It’s been over a week since the Atlanta Falcons made their final selections during the 2017 NFL Draft. Since then, we’ve seen ridiculous way-too-early draft grades, a million articles claiming that the Tampa Bay Buccaneers are a dangerous, up-and-coming team (which we’ve seen before each of the past three seasons), and a lot of speculation about how the Falcons’ rookies fit into the team’s plans in 2017 and beyond.
Well, prepare for more rampant speculation and analysis, because that’s what I’ve got for you today. I’ll be breaking down each of the Falcons’ six selections and talking a little about what I think of the pick, what I’ve observed from the players on tape, how they might factor into Atlanta’s position groups, and what their long-term prospects might be.
I’ll also be including a video of each player (so you can do your own #analysis) and their athletic profile, so you can be fully informed about each rookie’s skillset and ability. Naturally, we expect to hear more after rookie minicamp, which starts at the end of this week. Until then, speculation and film study are all we’ve got, so let’s dive right in.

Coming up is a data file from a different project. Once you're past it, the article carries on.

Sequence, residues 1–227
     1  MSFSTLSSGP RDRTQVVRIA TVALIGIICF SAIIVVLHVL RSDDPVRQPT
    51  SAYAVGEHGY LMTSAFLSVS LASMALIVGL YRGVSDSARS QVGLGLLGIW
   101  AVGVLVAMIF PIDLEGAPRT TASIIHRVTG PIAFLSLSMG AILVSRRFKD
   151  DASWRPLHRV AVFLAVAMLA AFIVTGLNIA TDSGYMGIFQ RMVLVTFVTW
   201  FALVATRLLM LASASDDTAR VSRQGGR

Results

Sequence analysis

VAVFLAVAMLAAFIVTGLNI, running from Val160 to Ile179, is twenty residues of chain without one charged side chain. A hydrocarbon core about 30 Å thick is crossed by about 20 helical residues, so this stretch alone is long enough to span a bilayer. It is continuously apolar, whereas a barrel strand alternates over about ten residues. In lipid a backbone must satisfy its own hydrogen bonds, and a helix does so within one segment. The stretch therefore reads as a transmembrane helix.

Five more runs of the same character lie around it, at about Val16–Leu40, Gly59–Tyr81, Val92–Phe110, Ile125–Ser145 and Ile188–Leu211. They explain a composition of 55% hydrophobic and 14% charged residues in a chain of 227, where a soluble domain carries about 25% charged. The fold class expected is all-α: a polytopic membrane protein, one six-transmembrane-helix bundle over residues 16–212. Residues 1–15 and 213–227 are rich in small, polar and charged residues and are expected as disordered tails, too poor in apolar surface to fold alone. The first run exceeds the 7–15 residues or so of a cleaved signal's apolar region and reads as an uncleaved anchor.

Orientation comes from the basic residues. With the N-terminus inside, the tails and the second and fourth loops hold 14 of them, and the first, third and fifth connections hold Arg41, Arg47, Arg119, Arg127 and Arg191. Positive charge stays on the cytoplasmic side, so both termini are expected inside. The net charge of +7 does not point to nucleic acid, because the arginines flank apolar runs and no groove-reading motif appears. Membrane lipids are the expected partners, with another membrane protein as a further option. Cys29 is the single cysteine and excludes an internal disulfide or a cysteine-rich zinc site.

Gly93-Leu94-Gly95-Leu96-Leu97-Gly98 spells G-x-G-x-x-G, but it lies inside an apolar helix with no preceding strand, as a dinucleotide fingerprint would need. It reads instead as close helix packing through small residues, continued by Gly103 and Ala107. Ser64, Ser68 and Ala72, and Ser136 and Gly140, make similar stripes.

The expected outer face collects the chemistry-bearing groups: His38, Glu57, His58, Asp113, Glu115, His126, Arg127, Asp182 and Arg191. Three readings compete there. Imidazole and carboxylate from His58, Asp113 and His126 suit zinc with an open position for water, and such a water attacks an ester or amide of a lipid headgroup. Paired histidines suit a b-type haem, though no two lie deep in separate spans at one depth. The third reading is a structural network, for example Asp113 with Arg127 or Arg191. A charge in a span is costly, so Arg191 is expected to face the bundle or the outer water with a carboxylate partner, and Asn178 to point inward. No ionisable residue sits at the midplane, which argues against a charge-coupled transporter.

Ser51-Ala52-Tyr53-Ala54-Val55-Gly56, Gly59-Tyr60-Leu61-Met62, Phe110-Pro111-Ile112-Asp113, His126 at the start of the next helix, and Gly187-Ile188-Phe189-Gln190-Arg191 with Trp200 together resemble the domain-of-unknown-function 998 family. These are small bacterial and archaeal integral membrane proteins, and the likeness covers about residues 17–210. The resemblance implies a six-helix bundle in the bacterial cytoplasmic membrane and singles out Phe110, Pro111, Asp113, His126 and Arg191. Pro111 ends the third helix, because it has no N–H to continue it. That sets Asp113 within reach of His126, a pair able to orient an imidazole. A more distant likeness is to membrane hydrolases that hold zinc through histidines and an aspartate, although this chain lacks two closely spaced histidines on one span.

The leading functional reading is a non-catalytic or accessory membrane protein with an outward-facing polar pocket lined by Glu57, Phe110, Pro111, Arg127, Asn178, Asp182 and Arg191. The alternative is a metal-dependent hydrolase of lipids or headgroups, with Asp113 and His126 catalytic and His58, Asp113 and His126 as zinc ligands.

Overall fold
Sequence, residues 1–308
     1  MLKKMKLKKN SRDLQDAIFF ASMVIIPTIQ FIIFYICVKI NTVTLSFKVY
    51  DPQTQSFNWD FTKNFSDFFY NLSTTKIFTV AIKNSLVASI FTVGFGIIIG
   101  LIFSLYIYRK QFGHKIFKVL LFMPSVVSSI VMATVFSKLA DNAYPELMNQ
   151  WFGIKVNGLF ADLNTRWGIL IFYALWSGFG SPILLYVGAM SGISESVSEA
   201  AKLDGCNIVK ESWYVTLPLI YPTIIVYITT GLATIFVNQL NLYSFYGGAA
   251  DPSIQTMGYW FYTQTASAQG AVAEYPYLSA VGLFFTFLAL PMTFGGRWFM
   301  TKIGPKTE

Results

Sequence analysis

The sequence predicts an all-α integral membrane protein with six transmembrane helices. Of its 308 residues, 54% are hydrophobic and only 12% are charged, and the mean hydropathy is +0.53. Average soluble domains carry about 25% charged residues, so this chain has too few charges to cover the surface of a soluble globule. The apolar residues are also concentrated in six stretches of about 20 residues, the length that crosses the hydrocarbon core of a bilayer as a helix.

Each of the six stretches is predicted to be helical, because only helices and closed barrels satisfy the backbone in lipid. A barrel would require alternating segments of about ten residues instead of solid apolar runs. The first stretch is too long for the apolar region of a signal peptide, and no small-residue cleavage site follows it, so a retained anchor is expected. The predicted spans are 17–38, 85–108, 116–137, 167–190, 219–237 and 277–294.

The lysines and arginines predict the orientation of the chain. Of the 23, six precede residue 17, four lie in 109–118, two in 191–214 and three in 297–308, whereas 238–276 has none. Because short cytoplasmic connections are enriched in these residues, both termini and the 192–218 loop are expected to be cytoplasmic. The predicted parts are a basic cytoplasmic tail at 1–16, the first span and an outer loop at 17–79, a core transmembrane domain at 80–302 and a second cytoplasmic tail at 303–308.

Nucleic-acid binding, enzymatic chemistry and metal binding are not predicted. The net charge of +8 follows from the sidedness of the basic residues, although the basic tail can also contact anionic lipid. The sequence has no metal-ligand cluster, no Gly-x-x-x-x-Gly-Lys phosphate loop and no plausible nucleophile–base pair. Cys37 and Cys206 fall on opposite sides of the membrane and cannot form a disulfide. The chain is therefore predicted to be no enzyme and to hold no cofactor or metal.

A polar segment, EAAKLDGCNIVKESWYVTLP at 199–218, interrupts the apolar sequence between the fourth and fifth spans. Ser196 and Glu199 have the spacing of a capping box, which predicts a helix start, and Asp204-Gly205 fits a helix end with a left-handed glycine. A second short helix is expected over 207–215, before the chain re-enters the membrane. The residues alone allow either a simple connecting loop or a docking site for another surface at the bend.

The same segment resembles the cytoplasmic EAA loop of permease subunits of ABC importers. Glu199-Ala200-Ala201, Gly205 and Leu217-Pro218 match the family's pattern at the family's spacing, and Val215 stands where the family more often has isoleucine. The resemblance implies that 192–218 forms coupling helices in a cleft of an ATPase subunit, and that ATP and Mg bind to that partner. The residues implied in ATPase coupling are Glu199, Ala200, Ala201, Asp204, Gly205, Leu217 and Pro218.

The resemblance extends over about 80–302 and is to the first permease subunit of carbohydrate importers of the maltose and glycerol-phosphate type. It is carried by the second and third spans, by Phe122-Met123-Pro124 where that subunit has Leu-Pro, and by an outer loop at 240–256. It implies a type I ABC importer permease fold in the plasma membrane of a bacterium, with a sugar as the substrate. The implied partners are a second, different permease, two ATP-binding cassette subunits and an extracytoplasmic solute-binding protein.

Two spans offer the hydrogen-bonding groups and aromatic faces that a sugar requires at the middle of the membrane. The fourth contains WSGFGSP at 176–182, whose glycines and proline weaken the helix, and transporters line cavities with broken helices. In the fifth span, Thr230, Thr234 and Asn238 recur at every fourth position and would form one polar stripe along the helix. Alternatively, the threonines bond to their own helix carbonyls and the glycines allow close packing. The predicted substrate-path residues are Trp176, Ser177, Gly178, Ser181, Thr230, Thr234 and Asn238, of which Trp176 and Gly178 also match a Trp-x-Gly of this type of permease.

Round 1, Pick 26: EDGE Takkarist McKinley, UCLA
Takkarist McKinley was not really on my radar for the Falcons, namely because he visited the team early in the draft process (which I missed) and due to his below-average 3-cone time. Historically, Dimitroff has valued the 3-cone drill above all others. However, we’re beginning to see through his partnership with Dan Quinn that the Falcons are now more flexible with athletic testing. They don’t require a player to have a tremendous 3-cone—they only need a player to have an elite athletic trait. That could be the broad jump, 40-yard dash, short shuttle, or any other drill.
McKinley’s elite athletic trait is clearly his burst, which is apparent from watching even a few minutes of his tape. His 4.59-forty and 1.61-split were among the best at the Combine, and his broad jump tested in the 85th percentile. The other traits that stand out are his physicality and his non-stop motor. McKinley is a fiery competitor and fierce hitter—traits that Quinn absolutely covets in his players. If you’d like a more in-depth report on McKinley, you can check out Eric Robinson’s scouting report here.
I see McKinley as playing the LEO position in Quinn’s defense. His exceptional athletic ability will be put to use there, as he can rush the passer, spy the QB, and stop the run effectively. He may not immediately replace Brooks Reed in the line-up, but sooner or later I believe McKinley will be starting opposite Vic Beasley, particularly on passing downs.